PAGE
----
I've had a few questions about some of the tools available to deploy and manage Macs, so I thought I would provide a brief overview and my thoughts on some tools that I have personally used. If you have thoughts on these tools or others you have used such as Munki or Puppet feel free to post them.
OSX Server - The Server.app available for $20 for a Mac provides several features, some most people will never need, but others are quite good and useful:
- Caching Server which is kind of like WSUS for OSX and iOS, except it can also "cache" apps from the Mac or iOS app stores. It is fire and forget, so has limited customisation. This is it's main weakness.
- File Sharing works pretty well and is used for sharing images, packages, and scripts for both DeployStudio and Casper Suite. It also can be used for sharing SMB or AFP shares to Mac and Windows clients. I have found that File Sharing in OSX 10.6 works better for Windows clients than the more recent versions however.
- Profile Manager is the management tool for Macs and iOS devices (MDM). It works quite well especially for smaller environments.
- Wiki Server is a quite good easy to deploy Wiki for schools with a relatively intuitive and easy to use interface. Quite useful for schools that want to have class-based Wikis or for small departments.
DeployStudio (DS) - Netboot, partitioning of drives, monolithic imaging, directory binding, PKG deployment, self service (DS runtime). DS is primarily an imaging tool for mass deployment of monolithic images (similar to Fog or other Windows imaging tools). It does this very well and very fast, including dual-boot or triple-boot images. DS can also push out individual packages, but there isn't as much customisation or flexibility in this in DS as there is in Casper Suite. This is why DS i usually used for monolithic images. The downside to monolithic images is that you need one for each build and you will have to update the entire image anytime an app is updated or the OS requires an update. You could just use individual updated packages for apps over top of a base image in the short-term, but over time you would need to update your image itself. DS does what it does extremely well and is very easy to setup and use. I highly recommend it for anyone just starting out with mass imaging. The online tutorials are good and it's dead easy to use for an experienced tech. CS has a much bigger learning curve, but it can also do a lot more. You will need a Mac to act as a "server" with DS and you don't require this with CS. More on this later.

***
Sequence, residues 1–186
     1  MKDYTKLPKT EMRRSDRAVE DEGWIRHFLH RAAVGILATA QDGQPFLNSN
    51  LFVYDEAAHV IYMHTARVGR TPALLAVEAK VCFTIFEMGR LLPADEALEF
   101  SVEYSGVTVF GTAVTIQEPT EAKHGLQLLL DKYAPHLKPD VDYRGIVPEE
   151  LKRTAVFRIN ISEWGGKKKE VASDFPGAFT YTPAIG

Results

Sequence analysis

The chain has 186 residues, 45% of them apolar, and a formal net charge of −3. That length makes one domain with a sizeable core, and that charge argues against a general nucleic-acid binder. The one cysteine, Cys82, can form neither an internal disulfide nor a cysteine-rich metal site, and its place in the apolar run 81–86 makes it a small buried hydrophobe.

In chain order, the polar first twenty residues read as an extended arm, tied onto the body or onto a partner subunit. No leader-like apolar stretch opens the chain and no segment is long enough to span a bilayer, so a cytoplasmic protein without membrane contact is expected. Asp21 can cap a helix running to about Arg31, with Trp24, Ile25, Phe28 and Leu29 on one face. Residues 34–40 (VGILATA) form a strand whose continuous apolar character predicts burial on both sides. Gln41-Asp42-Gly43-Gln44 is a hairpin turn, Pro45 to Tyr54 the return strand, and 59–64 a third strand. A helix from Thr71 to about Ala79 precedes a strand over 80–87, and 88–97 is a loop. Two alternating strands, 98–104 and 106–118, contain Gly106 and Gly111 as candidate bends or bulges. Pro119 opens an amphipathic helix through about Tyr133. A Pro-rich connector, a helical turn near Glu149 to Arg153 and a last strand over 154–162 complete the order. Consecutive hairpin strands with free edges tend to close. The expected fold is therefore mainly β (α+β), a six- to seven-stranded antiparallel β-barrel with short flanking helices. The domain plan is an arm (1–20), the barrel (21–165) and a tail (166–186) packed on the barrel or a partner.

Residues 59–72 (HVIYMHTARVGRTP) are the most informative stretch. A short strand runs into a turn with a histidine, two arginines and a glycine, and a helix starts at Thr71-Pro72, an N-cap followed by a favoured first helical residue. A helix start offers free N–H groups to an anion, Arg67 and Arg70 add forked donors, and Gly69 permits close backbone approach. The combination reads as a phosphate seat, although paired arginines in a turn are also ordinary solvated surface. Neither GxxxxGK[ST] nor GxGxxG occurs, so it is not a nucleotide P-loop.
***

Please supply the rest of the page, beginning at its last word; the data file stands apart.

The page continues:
DeployStudio: Heavy-duty imaging software for OS X | Ars Technica
Apple Remote Desktop (ARD) - The very powerful, and relatively inexpensive remote management and mass configuration tool provided by Apple. It blows the doors off of MS Remote Desktop in many ways. ARD takes off where DS leaves off and can do Inventory and Reporting, package deployments, Remote management/assistance, run automated tasks in the background (a "Task Scheduler" can be installed on a Mac server so that tasks can be pushed from a client ARD by an IT technician with no further need to leave ARD open or their computer even on as these tasks will run on the copy of ARD on the server). One of the very neat things is being able to do a Spotlight search of multiple clients for a file or app (which can be automated if you have software that you want to remove if found, etc.) or push unix commands to multiple Macs.
Apple - Remote Desktop 3
Casper Suite (CS) - Inventory and reporting, Imaging, Patch Management, Create custom packages, Self Service, Remote Management, Policies (like custom-built GPOs, very flexible), Usage monitoring, GSX integration (warranty info), License Management, Software Restriction policies, Profile Management for Macs, and MDM for iOS. It basically can do the job of OSX Server, DeployStudio, and ARD all in one integrated system. It can be installed on either OSX or Linux (VM or physical). There are only two things that aren't built-in to the basic suite, which are Netboot and Caching Server. You either need to configure Netinstall on an OSX server or use the NetSUS Linux VM provided by JAMF for this purpose. NetSUS provides ASUS, but not Caching Serve. I have tried NetSUS and the reason I stopped using it was that everytime they update it, you had to redeploy the whole VM. I think they have fixed that now, but we use Caching Server and have a Mac server so there wasn't any point. With CS though, you don't actually have to have a Mac server of any kind to image and manage Macs and iOS devices. If you have a good virtualised setup, you can do it all with your existing backend.
Using JAMF Casper Suite and Winclone Pro to Image a Lab of Dual-Boot Macs
So, either the combination of OS X Server, DeployStudio, and ARD (for the whopping cost of $99, minus the cost of a Mac Mini or other box to use as the server) provides a very powerful Mac and iOS management framework. Casper Suite can do everything this combination can do and then some, but it isn't free and the learning curve is somewhat steep. I recommend starting off with OSX Server, DS, and ARD to start with particularly for smaller to medium-size environments. Casper Suite doesn't come into its own unless you have at least 100 Mac clients.
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